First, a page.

In the tidal waters of Western Port, gear generally needs to be heavier. Rods should be rated around 10-15kg, and overhead reels are a popular choice when matched with braided lines, which makes it easier to fish the strong tides. Braid also means you can get away with using smaller sinkers, feel the bites better and have improved hooking ability in the deep water.
The main bit of advice with hooks is to use the best ones you can afford. Stick to good quality brands such as Gamakatsu or Owner. They are far sharper, thinner and stronger than other brands, which definitely helps to hook more fish.
Good hooks for snapper are the suicide patterns in the 4/0–7/0 size, depending on the baits being used. Circle hooks are also becoming very popular and for good reason – they offer a great mouth hook-up rate, causing less damage to the fish and making it easier to release them in good condition.
Other bits and pieces you will need vary depending on your location, from a range of small ball sinkers for Port Phillip Bay to a range of heavy bomb sinkers ones for Western Port. You will also need small but strong swivels, in either crane or barrel style, as they work far better than the rolling type.
Having your rods in the correct type of rod holder is a big part of being successful with snapper fishing. Having a proper ‘snapper rack’ is very important, as it will have the rods sitting close to horizontal to the water. This helps to keep the rods spread out, but most importantly it is far more effective for hooking fish than having the rod in an upright rod holder.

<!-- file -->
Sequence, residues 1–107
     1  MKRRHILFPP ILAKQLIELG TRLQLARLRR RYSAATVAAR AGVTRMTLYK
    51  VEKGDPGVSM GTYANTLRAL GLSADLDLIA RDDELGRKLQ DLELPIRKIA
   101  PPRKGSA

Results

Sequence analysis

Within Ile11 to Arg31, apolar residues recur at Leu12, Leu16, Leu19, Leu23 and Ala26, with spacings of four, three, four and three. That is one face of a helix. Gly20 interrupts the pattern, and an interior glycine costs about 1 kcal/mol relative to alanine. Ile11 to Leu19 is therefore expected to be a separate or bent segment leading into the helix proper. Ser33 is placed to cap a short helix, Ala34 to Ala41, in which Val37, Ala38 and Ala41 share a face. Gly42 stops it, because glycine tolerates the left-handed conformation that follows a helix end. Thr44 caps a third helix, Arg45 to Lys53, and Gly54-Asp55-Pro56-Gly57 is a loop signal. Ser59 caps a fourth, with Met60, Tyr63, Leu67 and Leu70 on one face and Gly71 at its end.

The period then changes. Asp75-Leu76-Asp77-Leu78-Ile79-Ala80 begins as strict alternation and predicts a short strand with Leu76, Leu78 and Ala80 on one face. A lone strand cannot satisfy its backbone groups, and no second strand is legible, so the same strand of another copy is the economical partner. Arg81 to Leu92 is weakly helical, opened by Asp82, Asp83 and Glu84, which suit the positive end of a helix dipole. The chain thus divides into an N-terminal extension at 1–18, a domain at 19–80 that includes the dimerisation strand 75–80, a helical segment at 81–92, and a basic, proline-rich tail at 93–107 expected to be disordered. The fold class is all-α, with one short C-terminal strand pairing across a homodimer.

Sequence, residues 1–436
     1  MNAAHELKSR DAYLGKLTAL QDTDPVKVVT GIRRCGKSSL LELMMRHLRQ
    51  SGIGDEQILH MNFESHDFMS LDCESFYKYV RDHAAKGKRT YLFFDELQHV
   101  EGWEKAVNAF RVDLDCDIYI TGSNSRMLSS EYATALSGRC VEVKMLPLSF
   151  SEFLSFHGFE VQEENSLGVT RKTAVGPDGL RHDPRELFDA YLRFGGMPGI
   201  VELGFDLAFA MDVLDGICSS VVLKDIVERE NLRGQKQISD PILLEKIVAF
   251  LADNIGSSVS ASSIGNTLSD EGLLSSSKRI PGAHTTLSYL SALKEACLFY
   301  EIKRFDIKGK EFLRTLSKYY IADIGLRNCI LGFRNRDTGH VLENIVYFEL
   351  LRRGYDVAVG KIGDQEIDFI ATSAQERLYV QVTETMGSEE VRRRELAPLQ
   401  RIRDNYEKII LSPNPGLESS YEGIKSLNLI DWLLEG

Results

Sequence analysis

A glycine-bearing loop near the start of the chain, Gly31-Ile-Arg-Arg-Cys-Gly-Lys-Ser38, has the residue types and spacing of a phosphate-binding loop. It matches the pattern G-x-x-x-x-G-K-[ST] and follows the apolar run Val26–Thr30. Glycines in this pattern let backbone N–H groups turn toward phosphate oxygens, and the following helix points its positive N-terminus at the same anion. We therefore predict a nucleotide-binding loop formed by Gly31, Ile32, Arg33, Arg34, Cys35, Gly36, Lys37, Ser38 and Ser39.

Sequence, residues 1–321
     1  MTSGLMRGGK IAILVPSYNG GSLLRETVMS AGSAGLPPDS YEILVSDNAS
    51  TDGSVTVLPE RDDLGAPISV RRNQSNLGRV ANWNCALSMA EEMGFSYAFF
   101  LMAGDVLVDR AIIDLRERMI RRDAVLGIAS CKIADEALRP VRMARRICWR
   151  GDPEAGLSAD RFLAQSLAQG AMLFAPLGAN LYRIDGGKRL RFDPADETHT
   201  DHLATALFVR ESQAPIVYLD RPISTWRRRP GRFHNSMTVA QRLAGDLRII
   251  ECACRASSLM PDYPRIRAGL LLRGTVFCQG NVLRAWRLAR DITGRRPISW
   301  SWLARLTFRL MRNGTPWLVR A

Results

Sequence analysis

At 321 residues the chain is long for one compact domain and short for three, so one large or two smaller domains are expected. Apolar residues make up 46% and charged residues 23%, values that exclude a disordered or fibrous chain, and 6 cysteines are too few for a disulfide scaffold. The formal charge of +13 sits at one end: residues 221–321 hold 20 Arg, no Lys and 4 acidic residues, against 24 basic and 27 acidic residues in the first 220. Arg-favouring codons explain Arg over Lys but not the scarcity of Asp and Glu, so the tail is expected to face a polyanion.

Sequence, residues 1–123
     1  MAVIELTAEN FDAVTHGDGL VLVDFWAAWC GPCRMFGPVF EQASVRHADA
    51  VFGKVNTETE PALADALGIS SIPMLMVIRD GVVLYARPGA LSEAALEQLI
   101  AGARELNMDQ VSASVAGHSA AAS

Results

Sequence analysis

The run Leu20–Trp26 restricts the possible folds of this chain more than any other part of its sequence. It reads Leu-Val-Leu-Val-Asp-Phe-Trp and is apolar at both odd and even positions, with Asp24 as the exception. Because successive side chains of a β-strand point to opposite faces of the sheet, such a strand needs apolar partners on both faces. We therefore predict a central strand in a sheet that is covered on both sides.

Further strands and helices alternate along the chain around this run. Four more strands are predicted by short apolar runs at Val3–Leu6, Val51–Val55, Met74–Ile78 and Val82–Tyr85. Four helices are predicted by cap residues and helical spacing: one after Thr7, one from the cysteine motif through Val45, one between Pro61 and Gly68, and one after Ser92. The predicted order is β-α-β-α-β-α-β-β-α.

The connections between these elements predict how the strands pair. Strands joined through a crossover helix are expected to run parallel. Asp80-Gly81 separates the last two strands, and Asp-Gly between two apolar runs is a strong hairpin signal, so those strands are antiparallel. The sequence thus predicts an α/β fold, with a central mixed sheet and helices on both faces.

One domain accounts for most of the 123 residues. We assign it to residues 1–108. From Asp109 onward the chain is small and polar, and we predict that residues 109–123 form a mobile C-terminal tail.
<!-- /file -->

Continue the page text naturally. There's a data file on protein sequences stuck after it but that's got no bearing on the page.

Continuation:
Because of the low angle of the rod, the tip only has to fold away slightly before the main strength in the rod takes over. This also puts the pull of the line more directly onto the reel, causing the pre-set drag to help hook the fish.
These days the majority of anglers fish with reels in gear and set at ‘strike drag’, and for one simple reason – as the fish swims off with the bait the rod buckles over and the fish is hooked! Despite this many anglers still like to have the Baitrunner system on their reels, which is perfect when the fish are timid, or when using big baits. This allows the fish to swim off with the bait, allowing it more time to swallow it.
If you don’t have a Baitrunner style of reel you can very easily put a rubber band around the handle of the rod, leave the bail open on the reel and tuck the line under it. Then when the fish bites it pops free of the band and the snapper can take line under no tension at all.
It’s amazing how wind can affect fish behaviour, and snapper are no different. If you’re serious about catching a snapper, there is probably no better time than after a strong southwest wind has blown for a few days. Just as the wind begins to back off, the snapper feed aggressively, often in shallow water.
On the opposite end of the scale, easterly winds are widely known for putting snapper off the bite as quickly as they start. This probably has more to do with the associated air pressure rather than the actual wind direction. While the fishing may slow down, for the persistent angler it can be a really good time to target large snapper in shallower water. While the bites may not come hand over fist, the quality of the fish will make up for it.